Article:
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Pay-for-play is a grass fire the NCAA can't contain

Ed O'Bannon took the NCAA to court way back in 2009. The former UCLA basketball player and the Most Outstanding Player of the 1995 NCAA Tournament sued the NCAA and Collegiate Licensing Company over the use of his likeness in the NCAA Basketball 09 video game. The case finally went to trial in the summer of 2014, when judge Claudia Wilken ruled the NCAA's ban on name, image and likeness (NLI) payments violated antitrust laws, ordering schools to offer full cost-of-attendance scholarships, cover cost-of-living expenses, and permitted schools to create trust funds for their athletes.

The college sports establishment faced a choice here. It could sense the changing headwinds in American culture and change on its own before external forces brought change upon them, or it could dig in and fight.

The NCAA chose to dig in and fight, and now here we are.

California's Fair Pay for Play Act is now a law. Similar efforts are under consideration by lawmakers in Washington, South Carolina and New York have similar laws within their legislative digestive systems, and within the past 24 hours lawmakers in Minnesota, Nevada, Florida and Pennsylvania have announced plans to do the same. (Update: Kentucky has now joined the list, too.)

And this doesn't even include the separate, bipartisan efforts to force similar change at the federal level. Both efforts were introduced in the past year.

“California’s bill is a game changer because it will force other states to figure out how to compete with California’s recruitment practices,” Nevada state senator Yvanna Cancela told the Las Vegas Review-Journal.

“The California success is sort of the ringing of the bell that we need to tilt this conversation into common sense reality,” Pennsylvania state representative Dan Miller told TIME. “The future is starting in California. It’s time to roll. Let’s get Pennsylvania in play.”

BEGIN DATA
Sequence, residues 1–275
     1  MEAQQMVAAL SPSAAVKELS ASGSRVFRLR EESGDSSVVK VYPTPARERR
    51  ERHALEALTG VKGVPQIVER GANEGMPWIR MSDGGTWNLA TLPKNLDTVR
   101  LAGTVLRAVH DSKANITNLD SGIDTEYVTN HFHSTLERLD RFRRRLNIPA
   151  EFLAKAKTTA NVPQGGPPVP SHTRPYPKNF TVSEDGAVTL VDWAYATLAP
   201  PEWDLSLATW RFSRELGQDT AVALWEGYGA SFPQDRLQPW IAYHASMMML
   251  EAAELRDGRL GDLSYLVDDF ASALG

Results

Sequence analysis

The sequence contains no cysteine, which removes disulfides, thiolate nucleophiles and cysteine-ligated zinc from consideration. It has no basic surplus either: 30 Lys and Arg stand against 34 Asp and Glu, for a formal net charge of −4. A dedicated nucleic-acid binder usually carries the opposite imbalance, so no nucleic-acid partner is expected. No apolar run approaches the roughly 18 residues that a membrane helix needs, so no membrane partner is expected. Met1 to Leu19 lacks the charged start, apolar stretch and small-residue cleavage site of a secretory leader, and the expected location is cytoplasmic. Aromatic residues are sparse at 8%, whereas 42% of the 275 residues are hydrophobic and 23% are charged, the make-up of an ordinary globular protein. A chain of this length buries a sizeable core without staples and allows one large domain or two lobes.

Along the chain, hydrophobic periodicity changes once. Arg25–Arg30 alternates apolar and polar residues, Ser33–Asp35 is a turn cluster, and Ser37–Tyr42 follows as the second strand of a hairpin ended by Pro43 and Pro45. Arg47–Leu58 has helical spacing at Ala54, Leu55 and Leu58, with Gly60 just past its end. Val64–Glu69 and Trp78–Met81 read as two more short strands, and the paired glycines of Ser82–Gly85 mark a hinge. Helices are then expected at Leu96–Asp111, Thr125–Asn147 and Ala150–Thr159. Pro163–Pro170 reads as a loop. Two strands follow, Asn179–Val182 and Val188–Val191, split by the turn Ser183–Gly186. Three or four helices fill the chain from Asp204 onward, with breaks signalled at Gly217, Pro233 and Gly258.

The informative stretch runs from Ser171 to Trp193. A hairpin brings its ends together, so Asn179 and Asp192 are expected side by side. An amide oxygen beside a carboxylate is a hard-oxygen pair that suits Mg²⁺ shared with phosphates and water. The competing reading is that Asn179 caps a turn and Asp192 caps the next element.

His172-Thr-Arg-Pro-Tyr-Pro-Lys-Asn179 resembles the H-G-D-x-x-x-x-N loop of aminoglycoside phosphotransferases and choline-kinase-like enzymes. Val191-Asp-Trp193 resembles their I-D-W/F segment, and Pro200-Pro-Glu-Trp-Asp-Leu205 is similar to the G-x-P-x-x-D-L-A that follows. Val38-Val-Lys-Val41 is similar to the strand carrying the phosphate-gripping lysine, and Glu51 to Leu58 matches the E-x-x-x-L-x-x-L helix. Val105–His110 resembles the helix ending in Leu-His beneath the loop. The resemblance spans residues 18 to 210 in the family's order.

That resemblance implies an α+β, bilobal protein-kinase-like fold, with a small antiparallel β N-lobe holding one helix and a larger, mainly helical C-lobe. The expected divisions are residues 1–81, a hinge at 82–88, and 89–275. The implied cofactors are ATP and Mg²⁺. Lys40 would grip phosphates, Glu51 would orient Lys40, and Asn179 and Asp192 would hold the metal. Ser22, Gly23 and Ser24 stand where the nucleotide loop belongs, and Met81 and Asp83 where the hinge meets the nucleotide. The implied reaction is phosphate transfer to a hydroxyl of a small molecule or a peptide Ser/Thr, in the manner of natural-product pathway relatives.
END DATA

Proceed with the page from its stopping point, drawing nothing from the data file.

California's law won't come into effect until 2023; Florida's would start in 2020.

Now, just because these states are considering such actions doesn't mean they're going to happen. Recall what Schoolhouse Rocktaught us about the legislative process in America. And even if all six of those states -- remember, we're just one day from the passage of California's law -- pass their own laws, that doesn't mean every state will.

But that's not the point.

Roughly 18 months ago the U.S. Supreme Court banned the national prohibition on sports gambling, and now 16 states have passed their own laws.

I don't know what the tipping point is where enough states have to pass their own pay-for-play laws where the NCAA is either forced to play ball or it ceases to be a national organization, but it's way, way, way lower than 16. It might be two, depending on the states. It might even be one.

One of the people on the inside with the power to drive change is Ohio State AD Gene Smith, who co-chairs the NCAA's NIL working group, which the NCAA proactively formed in 2014 in response to the O'Bannon rul... which did not form until May.

Left up to his choice, Smith would clearly wave a magic wand to make this all go away.

Smith is clearly uncomfortable with the idea of college athletes accepting money -- no matter the source of that money -- in order for playing a sport, but what makes him the most uncomfortable is the idea of one state's athletes taking NLI payments and another's not.

To be clear, though Smith's attitude certainly represents the majority of administrators' opinions, it's not the only one.

In the end, though, it may not matter what Smith, NCAA president Mark Emmert, SEC commissioner Greg Sankey or anyone else thinks. They couldn't stop the Supreme Court from allowing states to legalize sports gambling, and they can't stop state lawmakers from forever altering their business model. These lawmakers surely don't understand the ins-and-outs of college sports the way ADs and coaches do, and they probably don't care.

But that's the thing about grass fires. They don't care what's in their way, they just burn and burn and burn some more.